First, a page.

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How to Train Dogs Not to Jump

Five essential tips to teach a dog good manners.
By Sophia Yin DVM, December 2013, Updated December 2020
Training your dog to not jump up.

Everyone knows that you should reward good behaviors and ignore bad behaviors, right? So it makes sense to ignore a dog when she jumps on you and reward her with a treat when she sits, right? WRONG! You need to do more to train your dog to sit politely and not jump up, but it’s easy to do. Just follow there 5 essential tips. Note that these can be applied to other behaviors too.

Tip 1: Don’t ignore the unwanted behavior from your dog.

Instead remove the rewards for unwanted behaviors. It turns out that if you ignore an unwanted dog behavior, you may accidentally be rewarding it. For instance, most of my training clients complain that they are ignoring their dog when she jumps up but they aren’t getting the results they want. What they don’t realize is that their dog does not perceive their actions as a removal of attention. Their hands are still dangling out there like tug toys or they are still walking around, which makes them look interactive to their dog—all “rewards” to a dog.

What dog owners should do is to remove what their dog wants, attention in this case, within 0.5 seconds and do it in a way that the dog perceives that they have removed their attention.

When training a dog how not to jump that may mean standing up completely straight and holding both arms folded against your body while you stand silent and stationary to remove attention. Or it may just mean pulling your hands away and back to your body. If you remove attention in a clear manner, you will see a quick and clear response from their dog.


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Tip 2: Train the desired behavior first.

It’s essential that the dog owners know to first train their dogs the correct behavior—sitting politely in this case—or it could take a dog forever to figure out what else will earn rewards besides jumping. A five or ten-minute training session where the dog earns 10-50 rewards is generally adequate. Make sure the treats are small-sized and easily chewed.

Training dogs to sit by having them “Say Please by Sitting” automatically is one of the foundation exercises for training-focused, calm behavior and is one of the primary exercises in my Learn to Earn program. Watch how words are not needed. It’s your actions (rewarding at the right time) that are important.

Tip 3: Use a high reinforcement rate first.

Then quickly and systematically reduce and vary the rate. Once the dog is sitting, the owners need to reward at a high reinforcement rate. Giving just one treat for sitting often won’t hack it. The first treat you give is for sitting, but additional treats are for remaining seated so that the dog doesn’t just get up and try to jump again. At first, the treats should come rapidly—enough to keep the dog seated—but as soon as she is sitting stably at that treat interval, the interval should be increased and varied. This process should be repeated until the dog is sitting automatically and remaining stably seated. Then the focus should be on switching to other rewards such as petting and praise.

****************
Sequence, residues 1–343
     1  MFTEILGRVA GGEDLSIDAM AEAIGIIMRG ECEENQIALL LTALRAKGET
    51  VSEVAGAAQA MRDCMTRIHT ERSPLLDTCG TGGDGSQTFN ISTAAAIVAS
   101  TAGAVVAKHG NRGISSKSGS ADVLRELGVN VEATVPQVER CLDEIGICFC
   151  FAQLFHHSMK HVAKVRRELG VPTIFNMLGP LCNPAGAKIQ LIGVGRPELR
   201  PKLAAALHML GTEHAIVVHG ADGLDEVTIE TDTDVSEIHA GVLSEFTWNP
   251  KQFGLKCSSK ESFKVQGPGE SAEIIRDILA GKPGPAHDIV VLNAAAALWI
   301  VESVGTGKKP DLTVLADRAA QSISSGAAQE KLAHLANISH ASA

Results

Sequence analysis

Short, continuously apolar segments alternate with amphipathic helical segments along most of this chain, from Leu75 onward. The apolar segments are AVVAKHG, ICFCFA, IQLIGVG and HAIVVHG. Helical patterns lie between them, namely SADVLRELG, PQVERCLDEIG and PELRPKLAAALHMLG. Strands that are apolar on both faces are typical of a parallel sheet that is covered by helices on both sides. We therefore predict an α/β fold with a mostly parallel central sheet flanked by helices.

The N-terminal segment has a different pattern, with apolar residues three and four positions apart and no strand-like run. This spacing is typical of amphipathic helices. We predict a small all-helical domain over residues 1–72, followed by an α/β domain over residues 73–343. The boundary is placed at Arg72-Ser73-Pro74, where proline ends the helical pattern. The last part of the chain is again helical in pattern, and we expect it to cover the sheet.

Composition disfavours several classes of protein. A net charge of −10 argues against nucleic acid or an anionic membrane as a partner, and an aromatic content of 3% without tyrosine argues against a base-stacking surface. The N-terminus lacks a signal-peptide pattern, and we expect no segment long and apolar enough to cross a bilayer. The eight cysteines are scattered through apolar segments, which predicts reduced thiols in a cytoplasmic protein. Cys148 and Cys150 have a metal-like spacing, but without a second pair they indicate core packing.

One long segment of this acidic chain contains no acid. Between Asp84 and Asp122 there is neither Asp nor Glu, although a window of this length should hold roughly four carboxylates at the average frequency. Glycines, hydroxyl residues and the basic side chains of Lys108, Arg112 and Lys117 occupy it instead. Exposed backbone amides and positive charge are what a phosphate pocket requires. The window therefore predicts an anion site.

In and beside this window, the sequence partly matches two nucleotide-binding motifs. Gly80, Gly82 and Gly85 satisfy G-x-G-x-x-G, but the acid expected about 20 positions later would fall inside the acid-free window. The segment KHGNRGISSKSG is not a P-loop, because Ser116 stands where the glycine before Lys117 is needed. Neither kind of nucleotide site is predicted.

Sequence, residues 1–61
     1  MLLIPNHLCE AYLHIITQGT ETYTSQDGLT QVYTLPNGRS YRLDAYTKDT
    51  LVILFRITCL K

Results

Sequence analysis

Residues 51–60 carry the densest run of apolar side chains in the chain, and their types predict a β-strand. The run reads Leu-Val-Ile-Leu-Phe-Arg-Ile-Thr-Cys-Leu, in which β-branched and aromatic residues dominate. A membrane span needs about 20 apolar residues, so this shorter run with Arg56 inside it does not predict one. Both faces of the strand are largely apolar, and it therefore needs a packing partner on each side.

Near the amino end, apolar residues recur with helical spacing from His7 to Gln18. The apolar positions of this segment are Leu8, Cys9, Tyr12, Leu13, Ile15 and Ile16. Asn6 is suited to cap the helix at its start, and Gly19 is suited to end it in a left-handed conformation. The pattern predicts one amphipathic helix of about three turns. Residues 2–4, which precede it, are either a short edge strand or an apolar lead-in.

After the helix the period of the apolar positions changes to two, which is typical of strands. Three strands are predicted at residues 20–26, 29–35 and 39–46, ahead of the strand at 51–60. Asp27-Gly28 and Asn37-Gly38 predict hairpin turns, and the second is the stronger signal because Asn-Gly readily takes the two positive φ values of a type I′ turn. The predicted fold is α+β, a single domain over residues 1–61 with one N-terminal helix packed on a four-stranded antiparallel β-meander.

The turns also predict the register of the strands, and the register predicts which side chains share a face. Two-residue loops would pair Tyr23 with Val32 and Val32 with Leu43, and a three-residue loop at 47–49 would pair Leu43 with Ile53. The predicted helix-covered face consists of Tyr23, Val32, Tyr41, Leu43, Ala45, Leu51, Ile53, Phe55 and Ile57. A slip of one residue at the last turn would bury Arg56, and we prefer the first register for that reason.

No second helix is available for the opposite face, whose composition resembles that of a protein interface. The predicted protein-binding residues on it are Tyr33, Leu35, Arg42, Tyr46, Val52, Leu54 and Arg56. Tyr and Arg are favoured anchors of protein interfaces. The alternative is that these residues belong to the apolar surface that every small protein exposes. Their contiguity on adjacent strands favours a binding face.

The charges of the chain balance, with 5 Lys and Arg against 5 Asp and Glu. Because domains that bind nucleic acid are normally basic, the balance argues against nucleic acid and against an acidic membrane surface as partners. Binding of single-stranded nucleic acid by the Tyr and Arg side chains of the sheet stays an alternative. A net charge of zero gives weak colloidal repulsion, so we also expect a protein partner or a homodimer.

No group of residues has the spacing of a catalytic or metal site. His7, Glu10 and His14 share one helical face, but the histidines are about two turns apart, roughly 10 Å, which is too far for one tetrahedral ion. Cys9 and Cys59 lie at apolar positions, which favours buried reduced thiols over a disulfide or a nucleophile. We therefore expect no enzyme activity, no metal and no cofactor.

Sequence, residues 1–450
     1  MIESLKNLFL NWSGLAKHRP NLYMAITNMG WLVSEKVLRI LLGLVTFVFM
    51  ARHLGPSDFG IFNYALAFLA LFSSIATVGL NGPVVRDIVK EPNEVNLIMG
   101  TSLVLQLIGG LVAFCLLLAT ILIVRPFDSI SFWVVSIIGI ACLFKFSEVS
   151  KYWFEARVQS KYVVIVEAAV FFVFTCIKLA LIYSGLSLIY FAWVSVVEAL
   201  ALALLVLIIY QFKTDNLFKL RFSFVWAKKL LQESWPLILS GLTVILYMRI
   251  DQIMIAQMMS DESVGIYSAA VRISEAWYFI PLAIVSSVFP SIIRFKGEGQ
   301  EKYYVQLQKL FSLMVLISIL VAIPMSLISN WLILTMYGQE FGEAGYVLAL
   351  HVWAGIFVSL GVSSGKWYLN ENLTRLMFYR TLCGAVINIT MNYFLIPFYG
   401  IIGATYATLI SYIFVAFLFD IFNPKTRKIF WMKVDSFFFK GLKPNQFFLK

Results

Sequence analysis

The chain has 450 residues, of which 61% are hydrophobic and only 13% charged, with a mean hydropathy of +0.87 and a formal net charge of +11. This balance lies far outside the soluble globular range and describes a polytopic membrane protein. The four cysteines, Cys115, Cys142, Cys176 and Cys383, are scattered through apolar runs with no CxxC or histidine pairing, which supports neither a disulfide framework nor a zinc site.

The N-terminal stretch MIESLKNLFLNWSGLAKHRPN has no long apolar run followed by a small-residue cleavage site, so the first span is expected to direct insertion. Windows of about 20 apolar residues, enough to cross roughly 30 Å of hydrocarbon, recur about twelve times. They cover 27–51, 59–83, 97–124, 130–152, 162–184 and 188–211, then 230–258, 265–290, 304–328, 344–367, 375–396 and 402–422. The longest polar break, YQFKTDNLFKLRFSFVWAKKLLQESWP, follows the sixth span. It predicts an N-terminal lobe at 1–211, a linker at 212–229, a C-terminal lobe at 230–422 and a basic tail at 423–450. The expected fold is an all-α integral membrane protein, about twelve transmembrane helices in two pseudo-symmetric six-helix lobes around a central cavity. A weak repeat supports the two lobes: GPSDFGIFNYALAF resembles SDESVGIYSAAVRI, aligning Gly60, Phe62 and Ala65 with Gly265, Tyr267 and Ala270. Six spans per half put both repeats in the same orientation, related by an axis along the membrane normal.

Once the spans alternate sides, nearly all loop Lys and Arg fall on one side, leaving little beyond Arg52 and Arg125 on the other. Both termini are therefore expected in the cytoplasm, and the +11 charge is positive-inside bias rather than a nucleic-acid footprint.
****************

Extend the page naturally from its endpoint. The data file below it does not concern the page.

Tip 4: Use a flash lure to prevent the dog from getting the first jump in

If your dog tends to jump on you and then sit afterwards, you should change your strategy FAST so that you don’t accidentally reward this chain of behaviors—jump then sit. You can add in what I call a flash lure before she has a chance to jump. As she’s running over to you but before she has a chance to jump (preferably when she’s about 2 steps away), suddenly flash a treat right to her nose level by just straightening your arm. This will cause her to stop will all four feet on the floor. When she’s completely stationary, you can quickly bring the treat all the way back to your body and clearly out of your dog’s reach so she know she doesn’t get the treat yet. Once she sits, then she gets the treat.

Tip 5Practice a lot in a short period of time.

Because your goal is to develop a new greeting habit with your dog, it’s essential that you practice a lot over a short period of time. For instance, if you set up the situation where your dog is excited to see you five times a day and each time she earns 10-20 rewards and never has a chance to jump then by tomorrow she will probably be sitting automatically in this situation. By the end of the week, the good behavior—in this case, not jumping and sitting politely—should be a habit!

That’s, of course, assuming that in between your practice sessions she didn’t have a chance to get rewards for the opposite behavior!

These are some important subtleties that can help you get behavior changes quickly. It’s important to apply these principles to all training exercises to get the fastest progress.

Sophia Yin, DVM, (deceased) was an applied animal behaviorist. A long-time The Bark contributing editor, she was also the author of two behavior books.